Financial literacy is an essential life skill. Without it, individuals might struggle to manage their money, make informed financial decisions, and plan for a financially secure future. Experts suggest that teaching financial literacy should begin at a young age, and high schools in many American states are prioritizing financial literacy education. Currently, 28 states require high schools to offer a personal finance course. Of those, 15 require students to take a personal finance course to graduate.

Here are five ways school libraries — and the teacher-librarians who run them — can help increase financial literacy in their school communities:

Provide access to reliable financial literacy resources

School libraries can provide access to a wide range of financial literacy resources, including books, articles, reputable websites and short personal finance lessons from FinancialFit that can help students learn about budgeting, saving, investing and other financial topics. Libraries can also subscribe to digital magazines such as Kiplinger’s Personal Finance that can give students up-to-date information on the latest trends and best practices in finance. By providing access to these resources, school libraries can support self-directed learning on financial literacy topics.

Collaborate with teachers

One of the most effective ways to increase student financial literacy is by integrating personal finance education into the school curriculum. This can be achieved by offering a dedicated financial literacy course or embedding financial concepts into existing subjects such as math, social studies or economics. For example, math classes can teach students about budgeting and interest rates. Social studies classes can cover topics such as taxes, investing and the economy.

In addition to curating appropriate resources to support financial literacy curriculum, school librarians can work with teachers to develop personal finance lesson plans that are practical and relevant to students — lessons that help them understand how to manage their money in the real world. By collaborating with teachers, school librarians can help ensure that financial literacy is integrated into the curriculum and taught in meaningful and engaging ways.

Partner with financial institutions

School libraries can also partner with local financial institutions to provide financial literacy education to students. Banks and credit unions often offer educational programs, workshops and materials that can be used in the classroom.

In addition, school libraries can invite subject-matter experts such as financial advisors, bankers and accountants to speak to students about financial concepts and answer their questions. Schools can also organize field trips to local banks or offer internships to students interested in finance.

Provide extra-curricular learning opportunities

Students interested in finance will benefit from having extra-curricular opportunities to develop their knowledge and skills. Librarians can encourage students to start their own chapter of the Young Investors Society (YIS) and offer to serve as the teacher-advisor. YIS is an organization that aims to teach students the finance skills they will need to take control of their financial future. To be recognized as an official YIS chapter, one teacher-advisor and at least three students must register. Once registered, the teacher-advisor can download a variety of free lesson plans.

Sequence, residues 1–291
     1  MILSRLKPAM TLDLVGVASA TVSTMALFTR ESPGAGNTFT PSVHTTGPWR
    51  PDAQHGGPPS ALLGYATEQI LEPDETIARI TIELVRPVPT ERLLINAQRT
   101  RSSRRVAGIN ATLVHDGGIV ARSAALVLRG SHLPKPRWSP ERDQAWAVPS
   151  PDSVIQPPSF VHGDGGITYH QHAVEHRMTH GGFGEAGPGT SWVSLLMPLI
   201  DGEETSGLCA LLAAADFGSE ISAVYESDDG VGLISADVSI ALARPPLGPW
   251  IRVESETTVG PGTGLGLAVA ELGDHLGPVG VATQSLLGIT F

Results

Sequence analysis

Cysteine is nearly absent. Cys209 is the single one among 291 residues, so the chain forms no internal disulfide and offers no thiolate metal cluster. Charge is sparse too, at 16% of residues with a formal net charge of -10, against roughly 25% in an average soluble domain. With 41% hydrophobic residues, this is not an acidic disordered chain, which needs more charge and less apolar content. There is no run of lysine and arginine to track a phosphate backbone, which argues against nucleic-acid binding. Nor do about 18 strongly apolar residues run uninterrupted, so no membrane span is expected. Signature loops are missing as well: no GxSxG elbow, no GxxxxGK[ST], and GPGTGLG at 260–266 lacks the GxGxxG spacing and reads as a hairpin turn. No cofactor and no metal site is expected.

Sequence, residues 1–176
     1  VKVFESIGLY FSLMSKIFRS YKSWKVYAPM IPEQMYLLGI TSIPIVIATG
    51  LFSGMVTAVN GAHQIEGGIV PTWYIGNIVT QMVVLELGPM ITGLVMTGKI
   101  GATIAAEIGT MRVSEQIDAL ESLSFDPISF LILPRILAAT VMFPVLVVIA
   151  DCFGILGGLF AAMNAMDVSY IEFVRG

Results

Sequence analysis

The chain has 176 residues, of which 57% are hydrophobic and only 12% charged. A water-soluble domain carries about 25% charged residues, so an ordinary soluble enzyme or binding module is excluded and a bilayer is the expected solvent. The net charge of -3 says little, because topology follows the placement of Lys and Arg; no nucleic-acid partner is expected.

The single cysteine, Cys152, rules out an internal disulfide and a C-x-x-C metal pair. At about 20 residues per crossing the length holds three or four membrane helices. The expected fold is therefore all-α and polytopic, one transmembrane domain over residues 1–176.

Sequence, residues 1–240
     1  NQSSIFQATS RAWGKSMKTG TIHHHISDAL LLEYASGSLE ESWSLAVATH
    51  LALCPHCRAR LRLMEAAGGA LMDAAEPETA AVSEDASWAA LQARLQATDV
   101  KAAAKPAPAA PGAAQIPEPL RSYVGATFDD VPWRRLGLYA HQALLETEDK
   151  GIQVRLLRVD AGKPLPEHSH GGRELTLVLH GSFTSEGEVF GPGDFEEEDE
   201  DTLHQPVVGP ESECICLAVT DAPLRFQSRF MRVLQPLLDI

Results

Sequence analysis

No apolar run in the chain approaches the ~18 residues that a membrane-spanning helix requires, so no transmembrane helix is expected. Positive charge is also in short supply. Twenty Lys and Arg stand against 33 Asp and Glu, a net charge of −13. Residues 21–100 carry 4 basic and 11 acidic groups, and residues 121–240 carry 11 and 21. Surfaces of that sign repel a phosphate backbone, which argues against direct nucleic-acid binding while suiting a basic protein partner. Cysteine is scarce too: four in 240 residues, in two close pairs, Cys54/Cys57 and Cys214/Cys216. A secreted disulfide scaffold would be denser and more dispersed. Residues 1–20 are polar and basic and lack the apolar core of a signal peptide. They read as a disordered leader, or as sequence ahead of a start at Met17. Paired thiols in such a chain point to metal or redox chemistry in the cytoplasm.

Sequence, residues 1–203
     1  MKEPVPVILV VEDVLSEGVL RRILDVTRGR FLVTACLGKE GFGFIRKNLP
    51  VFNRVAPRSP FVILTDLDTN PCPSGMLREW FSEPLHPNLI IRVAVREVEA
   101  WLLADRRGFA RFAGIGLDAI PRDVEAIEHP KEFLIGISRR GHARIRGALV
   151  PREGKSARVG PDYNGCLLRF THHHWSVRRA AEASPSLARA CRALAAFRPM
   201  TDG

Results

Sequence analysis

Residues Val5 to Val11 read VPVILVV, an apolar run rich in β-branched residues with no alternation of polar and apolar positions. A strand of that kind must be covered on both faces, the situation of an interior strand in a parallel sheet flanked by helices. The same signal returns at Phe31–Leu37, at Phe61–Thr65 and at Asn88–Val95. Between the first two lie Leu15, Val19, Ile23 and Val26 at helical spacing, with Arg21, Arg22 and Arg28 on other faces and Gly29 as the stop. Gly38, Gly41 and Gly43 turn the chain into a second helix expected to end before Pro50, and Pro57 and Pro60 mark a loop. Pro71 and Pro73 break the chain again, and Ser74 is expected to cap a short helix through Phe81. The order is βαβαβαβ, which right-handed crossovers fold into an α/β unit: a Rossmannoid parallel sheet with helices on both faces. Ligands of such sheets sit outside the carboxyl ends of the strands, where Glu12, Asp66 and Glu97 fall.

As entrepreneurial thinkers themselves, school librarians would also make great DECA teacher-advisors. DECA is an organization that prepares emerging leaders for college programs and careers in marketing, finance, hospitality and management. DECA provides students with authentic learning experiences through classroom instruction, project-based activities, business partnerships and competitions.

School librarians can also increase financial literacy among students by planning fun and engaging activities. These can include simulations, games and other interactive experiences that teach students about financial concepts. For example, schools can organize stock market games that allow students to practice managing money in a virtual environment.

Host financial information sessions

Finally, school libraries can host financial information sessions for students, parents and other members of the school community who need extra support. This can include one-on-one meetings with financial experts or group workshops on specific financial topics, such as paying for college and managing student loan debt. Financial information sessions can help participants understand their financial situations, develop plans to reach their financial goals, and learn about financial resources available to them.

By providing access to high-quality resources, collaborating with teachers, partnering with financial institutions, providing extra-curricular learning opportunities, and hosting financial information sessions, school libraries can help students develop the skills and knowledge they need to manage their finances effectively. By doing so, school libraries can make a significant contribution to the financial well-being of their students and their communities.

Ready to increase financial literacy in your school community?

Add FinancialFit to your library’s e-learning collection.